- Associated Press - Monday, November 9, 2015

LEXINGTON, Okla. (AP) - Ten Lexington players walk onto the field each Friday night determined to accomplish what they normally would with 11, for just one play.

Lexington returns to a full lineup on the next play, but the missing player remains on the mind of everyone involved with Lexington football.

The No. 12 belonged to Nick Faught, a two-way starter as a freshman last season. His number adorns the left side of each helmet, T-shirts, a banner and on the jersey the captains carry on the field for the pregame coin toss.

Lexington honors Faught each game the best way it knows how: by making sure he’s still with them seven months after his shocking death from an autopsy described as “binge drinking.”

“I feel like we all feel him out there with us,” said Lexington senior Nathan Ford. Everyone coming out here to cheer for us, it all seems like we all get a sense of Nick back.”

The Oklahoman (https://bit.ly/1LOP67I ) reports the 15-year-old Faught died March 29.

Two adults - thirty-year-old Tonya Lynne Moss and thirty-four-year-old Justin Moore - were arrested and charged with allowing a person under 21 to possess or consume alcohol or drugs.

Friday’s game vs. Dibble will be Lexington’s last at home of the season, the final time the team will get to honor Faught in front of the community that has rallied since his death.

“We gain a lot from keeping his spirit alive to where it’s not just something that happened,” assistant coach Russell Price said. “Yes, it happened but there was a lesson to be learned from it. We hope that these guys and everybody else learns something from it.

Faught would have been an impact player for the Bulldogs as a free safety and wide receiver.

He had the athleticism, the strong work ethic and the charisma to be a star. He also played baseball, was in the FFA and was even about to dabble in bull riding.

“I bet I heard six kids tell me that Nick was their best friend,” said Lexington coach Jeff Hall, who was the high school principal last school year. “Think about that. Are there six people in your life that would say he’s my best friend? There’s not in mine. Nick had six tell me that. That tells you a lot about the kid.”

Yet something was different March 28. Faught had planned to attend a birthday party.

According to his mom, Heather Lawson, Faught exchanged text messages that day with a friend who begged him not to go and asked why he even wanted to. His response: He had never had the chance before.

Later that evening, Faught and another friend arrived at the party. According to the autopsy, Faught was drinking too much and suffered from nausea and vomiting before becoming unresponsive.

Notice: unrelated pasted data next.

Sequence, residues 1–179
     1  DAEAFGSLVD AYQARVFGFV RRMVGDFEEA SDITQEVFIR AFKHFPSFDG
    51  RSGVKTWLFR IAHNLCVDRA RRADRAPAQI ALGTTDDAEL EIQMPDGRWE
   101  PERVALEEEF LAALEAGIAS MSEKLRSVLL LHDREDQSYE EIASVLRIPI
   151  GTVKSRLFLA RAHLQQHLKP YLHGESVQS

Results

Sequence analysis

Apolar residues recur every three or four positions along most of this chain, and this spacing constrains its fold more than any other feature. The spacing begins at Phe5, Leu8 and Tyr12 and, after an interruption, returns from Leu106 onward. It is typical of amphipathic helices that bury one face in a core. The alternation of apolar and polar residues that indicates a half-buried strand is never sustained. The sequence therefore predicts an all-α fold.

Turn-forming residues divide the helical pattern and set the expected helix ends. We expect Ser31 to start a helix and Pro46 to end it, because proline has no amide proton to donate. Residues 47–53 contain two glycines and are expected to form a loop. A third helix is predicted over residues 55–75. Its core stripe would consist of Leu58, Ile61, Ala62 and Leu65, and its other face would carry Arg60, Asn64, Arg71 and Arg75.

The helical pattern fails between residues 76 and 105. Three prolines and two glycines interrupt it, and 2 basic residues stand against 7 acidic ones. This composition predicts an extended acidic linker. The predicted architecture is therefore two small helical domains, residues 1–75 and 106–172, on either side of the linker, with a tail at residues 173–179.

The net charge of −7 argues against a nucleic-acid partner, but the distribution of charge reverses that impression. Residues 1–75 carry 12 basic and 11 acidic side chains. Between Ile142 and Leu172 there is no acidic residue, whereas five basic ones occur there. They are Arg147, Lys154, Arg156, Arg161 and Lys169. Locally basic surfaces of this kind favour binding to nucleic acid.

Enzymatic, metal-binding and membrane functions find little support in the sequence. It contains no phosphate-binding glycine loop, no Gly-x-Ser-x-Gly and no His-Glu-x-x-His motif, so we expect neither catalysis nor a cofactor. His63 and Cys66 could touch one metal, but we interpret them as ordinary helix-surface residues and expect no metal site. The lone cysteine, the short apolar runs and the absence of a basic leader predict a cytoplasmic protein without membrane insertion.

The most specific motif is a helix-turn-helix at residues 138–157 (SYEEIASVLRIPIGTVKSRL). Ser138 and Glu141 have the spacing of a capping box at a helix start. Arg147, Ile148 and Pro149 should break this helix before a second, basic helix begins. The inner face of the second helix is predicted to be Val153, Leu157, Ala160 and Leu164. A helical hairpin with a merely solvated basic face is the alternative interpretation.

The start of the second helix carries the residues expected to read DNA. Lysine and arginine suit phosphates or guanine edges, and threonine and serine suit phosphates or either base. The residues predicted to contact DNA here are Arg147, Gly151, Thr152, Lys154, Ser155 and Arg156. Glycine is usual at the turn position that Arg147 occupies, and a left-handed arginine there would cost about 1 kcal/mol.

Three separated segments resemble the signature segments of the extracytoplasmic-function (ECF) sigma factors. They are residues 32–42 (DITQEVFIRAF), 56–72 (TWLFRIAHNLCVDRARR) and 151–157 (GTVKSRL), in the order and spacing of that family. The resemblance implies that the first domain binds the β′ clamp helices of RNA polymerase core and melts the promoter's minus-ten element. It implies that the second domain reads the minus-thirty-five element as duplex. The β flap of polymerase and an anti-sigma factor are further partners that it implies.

“There’s no excuse, but Nick wasn’t that kid,” Faught’s father, David, said. “I don’t know what the circumstances were, but I hate that that’s what got him because he wasn’t that kid.”

According to an affidavit, Moss came home early the next morning from a casino when Faught was unresponsive. She then performed CPR unsuccessfully, but left the scene with Moore before authorities arrived. They later lied about being there earlier. Moss eventually told the authorities she became scared and left because a “little boy had just died in my house.”

They were arrested on March 31. Moss also faces charges of child neglect and possession of firearms after conviction or during probation. Moore also faces charges of carrying weapons and knowingly concealing stolen property. Both await their district court arraignment.

Since the accident, the Lexington football team has become outspoken against underage drinking. Three times since March, Hall has been alerted about parties that he in turn has alerted his law enforcement contacts to get the party shut down.

On the night of Faught’s funeral, rumors spread of a party happening somewhere. Hall and his staff drove around until 4:30 a.m. unsuccessfully searching for it.

“I don’t think we really care,” Ford said, referring to the possibility of students getting upset. “We’re just watching out for everyone.”

Most of Lexington’s opponents haven’t even noticed the team lining up with just 10 players.

Three weeks ago, however, Lindsay coach John Inman quickly figured out why that was happening. He decided his team would line up with 10 as well.

“It was a move that we felt like having lost some kids from our program in the past it’s really tough to deal with and it’s a very, very small token,” Inman said. “We felt like in honor of him that it was certainly the least we can do.”

When a coach doesn’t know, though, it doesn’t exactly end well. Take the Sept. 25 game against Washington, which scored on the first play when the play call went right at Faught’s vacant spot.

Warriors coach Brad Beller later learned why the defense was short one player.

“I was going, ‘Oh my gosh, what an idiot,’” Beller said. “I felt so bad. I wanted to call (Hall) and apologize, but honestly I was too embarrassed to call him. Oh, I felt bad.”

Faught’s death was the third high school student to die last year - two of which came in separate car accidents.

Friday night has since become a time to come together.

“I don’t know that we’ve healed,” Hall said. “Every game is hard.”

The football team plans to line up with 10 players on the opening play of each game through what would have been Faught’s senior year in the 2017 season.

Much like the banner the players carry says, Faught will be forever remembered.

“It makes me feel good for Nick, it makes me sad but overall I’d say it’s a good feeling because the 11th guy obviously would have been Nick,” David said. “I think if he is watching, I think that would make him smile. If he’s happy, I’m happy.”

___

Information from: The Oklahoman, https://www.newsok.com

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